Indeed rhino horn has, in the last two decades, been steadily rising to the point that it is today one of the most expensive commodities on the planet. In China rhino horn sells for 100 times what cocaine sells for on the street in the US, making it the most expensive commodity on the planet (New York cocaine =180per oz – Beijing horn 19 000/oz. Adding as many animals as possible to the DNA database is an important tool in the conservation of rhinos
Rhinos use their horns for protecting their calves, defending their territories and foraging, which includes digging for water and breaking branches.
In 1990 less than 20 white rhinos remained in South Africa, they were then the most endangered of the world’s five rhinoceros species. Today there are more than 20,000 white rhinos, making them the most common rhino species on the planet. This is the largest and fastest growth of rhino population ever in history – the reason for this is the ability to have ownership of rhinos and thus there is a healthy trade in the species between private owners.
Michael ‘t Sas-Rolfes
South Africa currently protects 75% of the world’s black rhino population and 96% of the white rhino population. One of the key points to make here is that a large number of the rhinos in South Africa are privately owned and they reside on private land. With the ability to buy and sell them as assets make them a worthy investment. If however, the laws change and this value is removed, the rhino numbers will decline sharply because in one moment they will go from being as asset to simply being a worthless (in financial terms) liability.
Michael ‘t Sas-Rolfes
Rhino poaching levels in South Africa have increased by 9000% since 2007 – from 13 to a record of 1,215 in 2014. Somewhere in Africa a rhino is poached every 12 hours.
An effort was made in South Africa to stop the poaching of rhinos by infusing their horns with toxins and bright pink dye in order to render them useless to poachers and consumers alike. However, due to the sheer density of their horns this experiment unfortunately proved unsuccessful. There was also some very vocal humanitarian critics that ensured a stop was put to the poisoning.
A white rhino can weigh up to 5,100lbs – that’s equivalent to the size of an SUV. Its horn usually weighs about 7lbs. Therefore, when a rhino is poached, only 0.1% of its body mass is of economic value on the black market. The sad fact is that the feet, with three distinct hooves, are made up of exactly the same material as the horn, Keratin, which is seen as being valueless while the horn has immense value. This is the very reason why we need to educate the East about the fragility of the species and the truth behind the mythical powers its horn is said to have.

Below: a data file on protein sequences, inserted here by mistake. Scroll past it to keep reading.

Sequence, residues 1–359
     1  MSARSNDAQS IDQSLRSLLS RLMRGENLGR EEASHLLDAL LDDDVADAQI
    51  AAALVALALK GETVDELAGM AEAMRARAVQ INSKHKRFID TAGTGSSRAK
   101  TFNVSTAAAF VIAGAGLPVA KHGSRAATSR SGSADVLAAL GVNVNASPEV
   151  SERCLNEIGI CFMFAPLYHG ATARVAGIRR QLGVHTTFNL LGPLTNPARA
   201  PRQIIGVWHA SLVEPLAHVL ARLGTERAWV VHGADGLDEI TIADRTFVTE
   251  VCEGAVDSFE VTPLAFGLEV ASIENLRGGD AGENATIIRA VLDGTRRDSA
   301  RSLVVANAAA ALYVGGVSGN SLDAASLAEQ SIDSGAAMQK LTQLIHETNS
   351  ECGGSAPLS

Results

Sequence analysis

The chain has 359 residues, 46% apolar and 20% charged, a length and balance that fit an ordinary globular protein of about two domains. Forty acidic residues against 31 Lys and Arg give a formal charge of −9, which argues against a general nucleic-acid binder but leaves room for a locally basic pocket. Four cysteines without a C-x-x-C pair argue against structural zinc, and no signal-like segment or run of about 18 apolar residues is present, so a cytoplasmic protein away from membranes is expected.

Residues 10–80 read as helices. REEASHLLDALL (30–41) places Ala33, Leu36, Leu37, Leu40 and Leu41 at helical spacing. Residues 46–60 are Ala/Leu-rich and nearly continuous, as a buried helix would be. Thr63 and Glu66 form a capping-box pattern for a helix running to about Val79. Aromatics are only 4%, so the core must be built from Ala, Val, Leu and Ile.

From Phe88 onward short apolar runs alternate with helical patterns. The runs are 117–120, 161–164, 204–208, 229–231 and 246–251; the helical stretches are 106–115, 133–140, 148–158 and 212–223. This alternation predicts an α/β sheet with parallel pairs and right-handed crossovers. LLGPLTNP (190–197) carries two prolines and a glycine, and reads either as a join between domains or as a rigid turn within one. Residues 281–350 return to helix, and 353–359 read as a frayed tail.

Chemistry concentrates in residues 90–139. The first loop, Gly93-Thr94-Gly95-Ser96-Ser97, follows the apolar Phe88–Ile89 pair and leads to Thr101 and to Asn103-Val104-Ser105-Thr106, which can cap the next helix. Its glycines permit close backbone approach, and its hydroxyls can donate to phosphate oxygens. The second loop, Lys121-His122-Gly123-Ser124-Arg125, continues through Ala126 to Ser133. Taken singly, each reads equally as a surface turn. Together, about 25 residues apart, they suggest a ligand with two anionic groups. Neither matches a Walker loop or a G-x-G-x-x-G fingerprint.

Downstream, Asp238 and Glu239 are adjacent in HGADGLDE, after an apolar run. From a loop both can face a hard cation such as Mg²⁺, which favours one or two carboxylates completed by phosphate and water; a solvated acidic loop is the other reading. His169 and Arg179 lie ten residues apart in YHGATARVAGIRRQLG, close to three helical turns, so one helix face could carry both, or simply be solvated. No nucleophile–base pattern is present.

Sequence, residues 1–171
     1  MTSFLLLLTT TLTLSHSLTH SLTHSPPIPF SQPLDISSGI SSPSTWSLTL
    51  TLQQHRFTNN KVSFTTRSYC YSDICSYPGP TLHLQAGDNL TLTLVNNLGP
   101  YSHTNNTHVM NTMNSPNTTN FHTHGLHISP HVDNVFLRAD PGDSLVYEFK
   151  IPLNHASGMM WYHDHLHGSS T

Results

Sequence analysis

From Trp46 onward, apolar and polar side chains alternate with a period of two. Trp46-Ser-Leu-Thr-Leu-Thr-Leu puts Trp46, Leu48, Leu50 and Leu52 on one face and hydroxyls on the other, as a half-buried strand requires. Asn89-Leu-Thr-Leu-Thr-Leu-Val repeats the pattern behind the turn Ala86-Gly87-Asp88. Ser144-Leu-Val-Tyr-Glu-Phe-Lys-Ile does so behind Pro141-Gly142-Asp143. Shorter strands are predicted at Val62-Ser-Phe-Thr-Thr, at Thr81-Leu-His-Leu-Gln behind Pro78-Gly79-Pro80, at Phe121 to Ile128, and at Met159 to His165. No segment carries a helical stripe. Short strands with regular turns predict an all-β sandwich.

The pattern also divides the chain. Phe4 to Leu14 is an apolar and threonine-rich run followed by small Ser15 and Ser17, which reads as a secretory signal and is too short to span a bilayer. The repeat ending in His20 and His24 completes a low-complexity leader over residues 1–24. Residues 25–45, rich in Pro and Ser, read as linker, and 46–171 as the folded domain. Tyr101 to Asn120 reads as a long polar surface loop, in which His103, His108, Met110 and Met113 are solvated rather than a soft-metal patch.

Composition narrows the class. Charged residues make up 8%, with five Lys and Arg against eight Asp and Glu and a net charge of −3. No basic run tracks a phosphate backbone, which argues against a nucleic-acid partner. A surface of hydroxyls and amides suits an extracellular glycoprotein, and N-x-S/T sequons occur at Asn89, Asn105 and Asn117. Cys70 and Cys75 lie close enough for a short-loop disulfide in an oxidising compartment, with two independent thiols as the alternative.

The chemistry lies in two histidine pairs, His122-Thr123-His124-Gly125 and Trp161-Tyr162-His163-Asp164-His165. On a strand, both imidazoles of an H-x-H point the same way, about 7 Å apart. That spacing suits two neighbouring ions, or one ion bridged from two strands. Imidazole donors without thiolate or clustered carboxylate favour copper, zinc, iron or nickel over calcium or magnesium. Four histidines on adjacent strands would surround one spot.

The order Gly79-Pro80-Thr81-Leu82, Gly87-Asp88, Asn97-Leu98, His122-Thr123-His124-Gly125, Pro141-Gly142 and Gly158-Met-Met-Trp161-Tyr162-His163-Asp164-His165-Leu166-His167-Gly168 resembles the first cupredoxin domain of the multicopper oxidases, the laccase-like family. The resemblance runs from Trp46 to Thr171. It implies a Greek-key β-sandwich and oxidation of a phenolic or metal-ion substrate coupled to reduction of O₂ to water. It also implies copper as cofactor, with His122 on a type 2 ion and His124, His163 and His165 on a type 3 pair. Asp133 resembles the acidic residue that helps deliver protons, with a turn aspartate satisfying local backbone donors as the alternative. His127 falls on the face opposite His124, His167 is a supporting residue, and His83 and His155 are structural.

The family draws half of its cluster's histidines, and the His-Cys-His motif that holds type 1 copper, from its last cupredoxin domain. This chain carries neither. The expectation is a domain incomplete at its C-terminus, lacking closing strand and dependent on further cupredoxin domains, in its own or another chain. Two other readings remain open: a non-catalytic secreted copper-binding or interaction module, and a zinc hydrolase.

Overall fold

Although single horns can sell for up to US$30,000, poachers caught in South Africa are charged a penalty of approximately US$4,400, and often given no jail time. In many countries around the world a commodity such as horn, drugs etc. often raises in price so fast and so violently that the laws seldom have time to catch up, hence the penalties become cheap. Several countries in Africa have a shoot to kill policy on rhino and elephant poachers.
Poaching gangs have taken to incredibly sophisticated methods to capture rhinos. Some of these techniques involve using helicopters and night vision equipment to track the rhinos, and veterinary drugs to tranquilize them.
Conservationists have made efforts to preserve the rhino population by dehorning them in order to make them less attractive to poachers. The estimated cost to dehorn a single rhino ranges between US$620 and US$1000. Therefore, it would cost around US$7 million to dehorn all of the rhinos in Kruger National Park in South Africa. And this would have to happen every year, or at least every18 months – so that would cost US$70 million over 15 year period. Assuming that all animals could be located every time, this simply becomes an impractical endeavour
Even after rhinos have been dehorned, the horns tend to grow back over time. Experts recommend that rhinos should be dehorned every 12-24 months in order to be an effective deterrent. However, even then, poachers may also kill dehorned rhinos out of vengeance. It is thought that rhino horn on a mature bull with grow back at a little more than 2 pounds a year, at end user value that’s significant ,and poachers will still shoot a rhino that has regrowth. In other parts of Africa the dehorning has worked, but not in an open free range environment where the simple costs of the exercise, as well as the stress and effects of the drugs on the animal, have been a topic of significant debate, particularly with the oestrus cycles of regularly darted females.
So great is the temptation of the financial return on the horn that some poachers have resorted, on smaller private land estates where a gunshot would be immediately detected, to using silent darting guns and veterinary drugs to immobilize rhinos, allowing them to hack off the horns very roughly using an axe, panga or chainsaw. This process often results in the removal of half of the rhino’s face, leaving them to die a slow and painful death. African Conservation Foundation
Rhinos are considered to be an “umbrella species”, which means that conserving them will lead to the conservation of other plants and animals too. In Kruger National Park, where much of this episode is filmed, around 400 people are employed to protect and police the wildlife. This leads not only to great protection of the rhinos, but in turn an exceptionally safe environment for elephants and other target species.
No other group of animals has been so highly prized for so long, yet managed to survive human onslaught than rhinos. And this is simply because of the efforts behind the protection of these animals. This statement must be taken in context – what we are saying is that rhino horn has been seen as something of great value for hundreds of years, breaking that tradition will take an exceptional education